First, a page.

Also, about the yield curve, I don’t think they are actually trying to flatten it. I think they are /trying/ to re-create long term inflation in investment goods (but not CPI) which would steepen the yield curve without affecting TIPS too much.

  10. Gravatar of Bill Woolsey Bill Woolsey
    27. December 2010 at 05:44

    Kling is not making a quasi-liquidity trap argument.

    Kling is claiming that the price level is sticky, so when real GDP changes, then nominal GDP changes too. Real GDP depends on real factors, including changes in the real demands for goods and services. In particular, when people have all the goods and services they want, they quit buying until some new good is developed that they do want.

    If you point out that NGDP = MV then he says, V = NGDP/M and just adjusts with M. But the entire thrust of the argument is P is given and y adjusts for a variety of reasons, so NGDP changes.

    Half of the economists in the world say that V = py/M by definition. If that is true, what is the problem with the claim that V adjusts?

    My view is that Md = Ms as is an equilibrium condition, where Md is the amount of money people want to hold. If Md = Yk, and k = 1/V, then Md = Y/V.

    In equilibrium, Ms = Md implies that MsV = Y.

    And then, as Sumner says, you have to explain how Md (desired money balances) adjusts so that Y adjusts with y.

    Like all such arguments, Kling is implicitly assuming the Md is a residual. People decide how much to spend, and their money balances change by the difference between their flow income and expenditures. (This works better when money is accumulating. What happens when it runs out?)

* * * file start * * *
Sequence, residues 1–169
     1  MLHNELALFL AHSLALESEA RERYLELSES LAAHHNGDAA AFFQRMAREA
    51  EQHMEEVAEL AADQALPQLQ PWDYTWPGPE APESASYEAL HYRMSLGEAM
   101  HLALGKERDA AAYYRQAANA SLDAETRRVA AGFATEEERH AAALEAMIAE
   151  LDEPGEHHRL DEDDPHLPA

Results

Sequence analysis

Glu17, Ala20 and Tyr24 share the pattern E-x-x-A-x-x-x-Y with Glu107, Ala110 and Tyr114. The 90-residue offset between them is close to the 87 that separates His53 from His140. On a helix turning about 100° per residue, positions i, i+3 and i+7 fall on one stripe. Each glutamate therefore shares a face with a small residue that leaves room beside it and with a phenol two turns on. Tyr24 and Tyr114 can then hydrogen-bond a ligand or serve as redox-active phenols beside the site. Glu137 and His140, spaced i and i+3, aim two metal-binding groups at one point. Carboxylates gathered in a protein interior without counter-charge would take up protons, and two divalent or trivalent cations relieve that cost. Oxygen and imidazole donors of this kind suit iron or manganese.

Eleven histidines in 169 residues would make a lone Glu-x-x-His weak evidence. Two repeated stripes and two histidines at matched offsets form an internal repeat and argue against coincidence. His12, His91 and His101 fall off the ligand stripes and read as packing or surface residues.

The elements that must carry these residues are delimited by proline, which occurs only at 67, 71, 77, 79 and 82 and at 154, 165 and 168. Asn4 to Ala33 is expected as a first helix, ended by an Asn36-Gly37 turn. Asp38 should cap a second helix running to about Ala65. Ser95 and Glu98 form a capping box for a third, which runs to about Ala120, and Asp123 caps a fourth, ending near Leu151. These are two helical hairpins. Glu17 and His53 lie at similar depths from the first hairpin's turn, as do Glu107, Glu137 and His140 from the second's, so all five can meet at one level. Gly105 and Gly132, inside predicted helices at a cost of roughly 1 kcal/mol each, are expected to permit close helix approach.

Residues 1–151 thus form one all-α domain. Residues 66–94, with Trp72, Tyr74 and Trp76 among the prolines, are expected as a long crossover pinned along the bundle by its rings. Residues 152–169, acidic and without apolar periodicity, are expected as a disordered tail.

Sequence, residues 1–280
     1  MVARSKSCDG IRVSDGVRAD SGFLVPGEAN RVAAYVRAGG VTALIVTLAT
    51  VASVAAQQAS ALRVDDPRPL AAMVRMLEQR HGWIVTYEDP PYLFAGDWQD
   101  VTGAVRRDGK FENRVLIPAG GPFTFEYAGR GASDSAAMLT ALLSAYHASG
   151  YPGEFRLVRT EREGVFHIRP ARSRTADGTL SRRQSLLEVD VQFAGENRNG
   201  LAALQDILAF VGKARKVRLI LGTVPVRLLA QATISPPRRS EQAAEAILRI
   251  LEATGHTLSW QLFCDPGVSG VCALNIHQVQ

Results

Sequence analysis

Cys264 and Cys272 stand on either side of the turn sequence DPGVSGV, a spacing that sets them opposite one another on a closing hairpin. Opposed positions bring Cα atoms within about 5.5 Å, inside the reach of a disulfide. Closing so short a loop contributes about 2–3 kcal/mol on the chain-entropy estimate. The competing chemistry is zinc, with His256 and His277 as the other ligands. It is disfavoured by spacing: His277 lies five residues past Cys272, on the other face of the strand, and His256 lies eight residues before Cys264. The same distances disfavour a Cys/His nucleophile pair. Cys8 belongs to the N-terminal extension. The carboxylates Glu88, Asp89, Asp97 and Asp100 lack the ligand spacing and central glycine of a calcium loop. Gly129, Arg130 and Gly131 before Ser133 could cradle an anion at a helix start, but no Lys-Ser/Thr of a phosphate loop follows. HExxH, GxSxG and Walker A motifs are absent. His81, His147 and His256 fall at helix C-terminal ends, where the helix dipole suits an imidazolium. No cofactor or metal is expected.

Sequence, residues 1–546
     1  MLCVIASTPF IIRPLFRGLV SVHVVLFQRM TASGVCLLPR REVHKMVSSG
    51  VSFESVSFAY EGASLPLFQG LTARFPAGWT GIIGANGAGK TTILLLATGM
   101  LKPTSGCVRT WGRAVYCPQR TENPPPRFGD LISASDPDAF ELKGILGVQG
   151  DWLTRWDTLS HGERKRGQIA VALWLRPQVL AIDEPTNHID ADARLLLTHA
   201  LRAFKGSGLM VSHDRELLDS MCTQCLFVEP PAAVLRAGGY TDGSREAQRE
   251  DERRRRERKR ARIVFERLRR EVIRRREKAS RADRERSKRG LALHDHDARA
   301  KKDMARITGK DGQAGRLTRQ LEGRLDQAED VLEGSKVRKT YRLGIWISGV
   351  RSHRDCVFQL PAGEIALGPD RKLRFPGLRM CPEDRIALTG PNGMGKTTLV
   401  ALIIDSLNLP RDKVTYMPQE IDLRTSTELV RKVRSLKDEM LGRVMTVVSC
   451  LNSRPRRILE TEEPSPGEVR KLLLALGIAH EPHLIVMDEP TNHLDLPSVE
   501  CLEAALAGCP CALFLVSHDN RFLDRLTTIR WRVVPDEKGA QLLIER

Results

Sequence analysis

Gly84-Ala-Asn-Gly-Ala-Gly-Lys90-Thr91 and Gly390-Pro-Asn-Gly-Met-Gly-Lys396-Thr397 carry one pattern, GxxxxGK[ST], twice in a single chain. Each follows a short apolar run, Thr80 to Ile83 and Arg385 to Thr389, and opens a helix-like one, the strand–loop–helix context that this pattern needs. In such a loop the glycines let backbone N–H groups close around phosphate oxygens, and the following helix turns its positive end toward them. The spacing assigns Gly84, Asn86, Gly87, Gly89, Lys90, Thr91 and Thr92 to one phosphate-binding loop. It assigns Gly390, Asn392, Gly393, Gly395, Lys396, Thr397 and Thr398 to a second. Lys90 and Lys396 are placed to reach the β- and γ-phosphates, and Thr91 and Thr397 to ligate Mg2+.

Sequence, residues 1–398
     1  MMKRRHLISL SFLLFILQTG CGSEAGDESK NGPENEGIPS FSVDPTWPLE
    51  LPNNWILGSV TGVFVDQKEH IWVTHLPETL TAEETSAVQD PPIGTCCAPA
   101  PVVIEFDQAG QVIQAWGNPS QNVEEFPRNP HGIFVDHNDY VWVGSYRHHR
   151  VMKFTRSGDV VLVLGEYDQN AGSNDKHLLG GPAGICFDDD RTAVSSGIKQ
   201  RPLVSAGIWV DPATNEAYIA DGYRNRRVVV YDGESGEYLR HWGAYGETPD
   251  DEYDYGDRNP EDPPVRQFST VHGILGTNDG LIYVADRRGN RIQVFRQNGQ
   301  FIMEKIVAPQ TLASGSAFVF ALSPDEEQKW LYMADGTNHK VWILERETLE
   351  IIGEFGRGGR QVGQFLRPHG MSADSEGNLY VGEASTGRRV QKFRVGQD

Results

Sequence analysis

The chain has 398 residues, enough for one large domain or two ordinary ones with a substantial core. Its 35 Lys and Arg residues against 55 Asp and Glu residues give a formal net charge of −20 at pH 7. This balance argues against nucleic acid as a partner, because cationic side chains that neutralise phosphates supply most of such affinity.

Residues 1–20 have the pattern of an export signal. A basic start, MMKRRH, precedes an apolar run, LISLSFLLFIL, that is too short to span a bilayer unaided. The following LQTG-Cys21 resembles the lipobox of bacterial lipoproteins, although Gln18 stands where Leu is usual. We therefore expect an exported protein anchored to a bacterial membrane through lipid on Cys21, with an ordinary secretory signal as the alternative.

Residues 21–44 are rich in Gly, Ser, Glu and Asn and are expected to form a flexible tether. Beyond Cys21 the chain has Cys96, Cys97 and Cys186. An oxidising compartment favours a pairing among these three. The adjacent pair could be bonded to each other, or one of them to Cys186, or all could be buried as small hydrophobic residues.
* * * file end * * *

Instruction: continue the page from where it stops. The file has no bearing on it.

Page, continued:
The experience of people who are cash constrained–they want to spend all their money, but they don’t want to run out–is the reverse of this approach.

    Instead, think of people so wealthy that they don’t perceive a budget constraint. They consume what they want and their saving is what is left over. Then, they may use the money that is accumulating to buy assets to make money (invest in laymen’s terms(for fun? because money is how you keep score in the game of life?)

    In other words, it is economics without scarcity. And this is exactly the implications of Kling’s recalculation. People don’t want to invest in real estate. And so, we wait until something else comes along for people to produce. Those who used to produce houses just go into household production.

  11. Gravatar of OGT OGT
    27. December 2010 at 13:34

    Woolsey- Great explanation of Kling’s views. First time I’ve ever been able to make any sense of them.

    One question on the implications of the budget constraint issue, how does that interact with the permanent income hypothesis? I assume peoples’ estimate of how much money they demand at any given point should be affected by not only their current money on hand but their expectations of future money needs and income. IE, if a given short fall is perceived as short term fluctuation money demand might act like a residual, but if it is perceived as long term it would be the driving force.

    Also, OT, I wonder if Scott has any comments on PK’s latest in the NYT. It would seem to agree with his views as I’ve read them.

    http://www.nytimes.com/2010/12/27/opinion/27krugman.html?hp

  12. Gravatar of Mark A. Sadowski Mark A. Sadowski
    27. December 2010 at 13:49

    Doc Merlin wrote:
    “Just sounds like he is saying that NGDP is endogenous.”

    Didn’t I just say that? Maybe I’m just not speaking clear enough. More importantly, do you really believe that?